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Edward Burnett Tylor

Edward Burnett Tylor.

Sir Edward Burnett Tylor (October 2 1832January 2 1917), was an English anthropologist.

Tylor is considered representative of cultural evolutionism. In his works Primitive culture and Anthropology, he defined the context of scientific study of anthropology, based on the evolutionary theories of Charles Darwin. He believed that there was a functional basis for the development of society and religion, which he determined was universal. E. B. Tylor is considered by many a founding figure of the science of social, or cultural, anthropology, and his scholarly works are seen as important and lasting contributions to the discipline of Anthropology that was beginning to take shape in the 19th century[1]. He believed that research into the history and prehistory of man could be used as a basis for the reform of British society.[2]

He reintroduced the term animism (the faith in the individual soul or anima of all things, and natural manifestations) into common use.[3] He considered animism as the first phase of development of religions.


E. B. Tylor was born in 1832, in Camberwell, London. He was the son of Joseph Tylor and Harriet Skipper, part of a family of financially well-off Quakers, owners of a London brass factory. Subsequent to the death of Tylor's parents during his early adulthood he readied himself to help manage the family business, but this plan was abruptly set aside by symptoms consistent with the onset of tuberculosis. Following advice to spend time in warmer climes, Tylor left England in 1855, traveling to Central America. The experience proved to be an important and formative one, sparking in Tylor a life long interest in studying unfamiliar cultures.

During his travels Tylor also met Henry Christy, a fellow Quaker, ethnologist and archaeologist. Tylor's association with Christy greatly stimulated his awakening interest in anthropology, and helped broaden his inquiries to include prehistoric studies[4]. The notes Tylor took on the beliefs and practices of the people he encountered, allowed him to publish Anahuac: Or Mexico and the Mexicans, Ancient and Modern (1861) upon his return to England. While never traveling again Tylor continued to study the customs and beliefs of tribal communities, both existing and prehistoric (based on archaeological finds) and published his second work, Researches into the Early History of Mankind and the Development of Civilization, in 1865. Following this came his most influential work, Primitive Culture (1871). Despite continuing to work and write all the way up to the beginnings of World War I, Primitive Culture remained the pinnacle of Tylor's career, important not only for its thorough study of human civilization and contributions to the emergent field of anthropology, but for its undeniable influence on a handful of young scholars, such as J. G. Frazer, who were to become Tylor's disciples and contribute greatly to the scientific study of anthropology in later years.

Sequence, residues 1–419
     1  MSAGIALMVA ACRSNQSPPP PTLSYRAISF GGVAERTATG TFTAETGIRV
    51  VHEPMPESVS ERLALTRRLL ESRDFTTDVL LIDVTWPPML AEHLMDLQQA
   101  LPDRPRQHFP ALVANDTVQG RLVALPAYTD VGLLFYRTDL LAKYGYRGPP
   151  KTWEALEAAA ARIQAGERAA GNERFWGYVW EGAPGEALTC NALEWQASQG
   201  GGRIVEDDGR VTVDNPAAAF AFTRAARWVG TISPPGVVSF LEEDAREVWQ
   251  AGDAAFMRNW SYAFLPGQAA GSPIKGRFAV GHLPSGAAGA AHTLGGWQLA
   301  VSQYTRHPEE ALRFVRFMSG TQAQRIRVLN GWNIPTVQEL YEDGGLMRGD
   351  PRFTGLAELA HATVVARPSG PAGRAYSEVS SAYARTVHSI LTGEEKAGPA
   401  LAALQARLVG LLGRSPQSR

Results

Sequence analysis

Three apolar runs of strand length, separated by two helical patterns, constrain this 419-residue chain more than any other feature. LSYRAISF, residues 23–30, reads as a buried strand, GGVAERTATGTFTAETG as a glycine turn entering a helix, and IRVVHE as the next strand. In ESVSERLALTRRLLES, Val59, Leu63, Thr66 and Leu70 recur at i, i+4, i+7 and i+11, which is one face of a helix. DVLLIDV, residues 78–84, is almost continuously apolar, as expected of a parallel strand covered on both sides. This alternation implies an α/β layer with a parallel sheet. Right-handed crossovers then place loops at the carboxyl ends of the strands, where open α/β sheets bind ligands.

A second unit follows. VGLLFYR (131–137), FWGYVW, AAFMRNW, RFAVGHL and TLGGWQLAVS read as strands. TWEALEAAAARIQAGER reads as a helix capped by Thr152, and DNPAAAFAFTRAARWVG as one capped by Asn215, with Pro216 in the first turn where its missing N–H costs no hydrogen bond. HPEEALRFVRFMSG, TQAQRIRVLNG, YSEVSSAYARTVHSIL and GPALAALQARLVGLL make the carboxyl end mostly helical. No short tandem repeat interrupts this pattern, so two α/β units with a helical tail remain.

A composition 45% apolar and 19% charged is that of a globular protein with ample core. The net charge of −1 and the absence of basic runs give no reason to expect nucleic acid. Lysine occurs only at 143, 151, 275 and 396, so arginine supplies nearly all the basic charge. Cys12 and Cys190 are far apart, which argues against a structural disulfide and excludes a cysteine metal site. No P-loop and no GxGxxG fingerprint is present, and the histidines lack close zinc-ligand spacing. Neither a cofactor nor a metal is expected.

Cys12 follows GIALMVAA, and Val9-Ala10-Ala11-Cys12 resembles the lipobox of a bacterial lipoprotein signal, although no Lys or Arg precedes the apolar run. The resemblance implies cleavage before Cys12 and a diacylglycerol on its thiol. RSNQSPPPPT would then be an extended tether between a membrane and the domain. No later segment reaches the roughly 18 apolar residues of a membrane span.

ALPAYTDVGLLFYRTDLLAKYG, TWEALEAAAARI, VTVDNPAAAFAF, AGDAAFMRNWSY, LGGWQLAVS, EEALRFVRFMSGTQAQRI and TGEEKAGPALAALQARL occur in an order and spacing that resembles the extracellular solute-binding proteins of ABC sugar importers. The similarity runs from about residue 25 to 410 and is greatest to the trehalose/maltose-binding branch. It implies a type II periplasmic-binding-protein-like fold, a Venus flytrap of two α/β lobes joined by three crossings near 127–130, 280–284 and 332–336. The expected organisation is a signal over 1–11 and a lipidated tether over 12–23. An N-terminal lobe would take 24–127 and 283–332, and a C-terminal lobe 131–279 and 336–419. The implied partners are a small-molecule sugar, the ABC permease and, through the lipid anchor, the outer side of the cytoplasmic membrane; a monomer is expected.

In 1871 Tylor was elected Fellow of the Royal Society, and in 1875 received the honorary degree of Doctor of Civil Laws from the University of Oxford. He was appointed Keeper of the University Museum at Oxford in 1883, and the first reader in Anthropology in 1884. In 1896 he became the first Professor of Anthropology at Oxford and he was knighted in 1912.


  • Anahuac: Or Mexico and the Mexicans, Ancient and Modern (1861)
  • Researches into the Early History of Mankind and the Development of Civilization (1865)
  • Primitive Culture (1871)
  • Anthropology (1881)

Related StudiesEdit

References Edit

  1. Paul Bohannan, Social Anthropology (New York: Holt, Rinehart & Winston, 1969)
  2. Lewis, Herbert S. (1998) The Misrepresentation of Anthropology and its Consequences American Anthropologist 100:" 716-731
  3. Definition of animism at the Online Etymology Dictionary, accessed 2 October 2007.
  4. R. R. Marett, Tylor (London: Chapman and Hall, 1936)

External links Edit

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